[REVIEW] Series: Your Story Universe is Full of Hidden Costs
Series: Your Story Universe is a narrative based mobile game by Universal Games and Digital Platforms that leverages several Universal properties. The game is essentially the ultimate in wish-fulfillment as it lets the player take part in the action of their favorite TV shows and movies. Some rehash the plot of the original with a few added extras, while others are essentially post-canon continuations. The game is all based on the choices you make, which can affect the way your story runs for the length of the "season."
However, Series' biggest strength is also its greatest weakness. Many of the added extra scenes and narrative choices are hidden behind a pay wall.
Series has two forms of currency: episode tickets and gems. You can store up to two free episode tickets at a time, and they reset every 2.5 hours. You can stack any amount of gems at a time, though the game gives you a few right off the bat, however, you can only earn gems one at a time by playing an episode of any show for the first time. So there's a limited number of gems you can farm for free, and it's far fewer than you'll want. Each decision that requires gems takes 25-35 gems on average, meaning you'd have to play at least 25 episodes in order to farm enough gems to make that choice, and each episode can offer several gem-locked choices.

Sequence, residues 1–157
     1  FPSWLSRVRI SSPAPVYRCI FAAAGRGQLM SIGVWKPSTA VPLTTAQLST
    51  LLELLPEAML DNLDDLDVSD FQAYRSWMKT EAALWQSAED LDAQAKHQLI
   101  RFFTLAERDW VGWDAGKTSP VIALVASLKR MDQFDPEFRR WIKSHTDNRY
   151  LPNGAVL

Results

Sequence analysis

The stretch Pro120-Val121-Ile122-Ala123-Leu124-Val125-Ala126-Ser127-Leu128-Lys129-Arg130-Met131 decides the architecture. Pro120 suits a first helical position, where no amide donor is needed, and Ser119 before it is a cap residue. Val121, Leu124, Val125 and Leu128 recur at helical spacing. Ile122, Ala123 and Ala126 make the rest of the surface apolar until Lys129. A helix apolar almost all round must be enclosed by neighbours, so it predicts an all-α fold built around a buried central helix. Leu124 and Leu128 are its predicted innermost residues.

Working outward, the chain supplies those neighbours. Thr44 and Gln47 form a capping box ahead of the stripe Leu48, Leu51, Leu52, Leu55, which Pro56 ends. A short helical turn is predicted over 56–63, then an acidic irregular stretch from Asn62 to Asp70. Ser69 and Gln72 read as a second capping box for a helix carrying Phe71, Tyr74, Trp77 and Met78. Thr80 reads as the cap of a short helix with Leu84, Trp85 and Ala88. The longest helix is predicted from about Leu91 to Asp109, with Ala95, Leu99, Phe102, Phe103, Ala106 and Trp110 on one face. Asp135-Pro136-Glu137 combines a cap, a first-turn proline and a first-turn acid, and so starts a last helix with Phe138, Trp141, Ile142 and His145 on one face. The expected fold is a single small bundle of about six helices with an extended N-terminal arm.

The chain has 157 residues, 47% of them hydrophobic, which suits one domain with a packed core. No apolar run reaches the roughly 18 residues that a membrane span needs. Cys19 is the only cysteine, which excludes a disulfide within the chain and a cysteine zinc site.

Which means you've got to pay. A lot.
Most of the gem choices are the ones you want to make. They let you experience the side character moments in your favorite John Hughes movies or let you take an active role in combat next to your favorite heroes from Xena: Warrior Princess. So, you'll have to, eventually, pay money to do the things you want. And that means the game feels like a complete cash-grab. I'm certain I'm not alone when I say most fans of Universal properties would have rather paid money for the app and gain access to more of the paid features of the free version than pay per choice. I'd rather pay to play than have the current pay to play the way you want model.
And that's not even addressing some of the game's more bizarre narrative choices. The stories aren't all uniform in terms of quality, with some being worse than others. And the original narrative "show" is far from enjoyable.
But all of that is ultimately overshadowed by the micro-transaction system that just feels exploitative.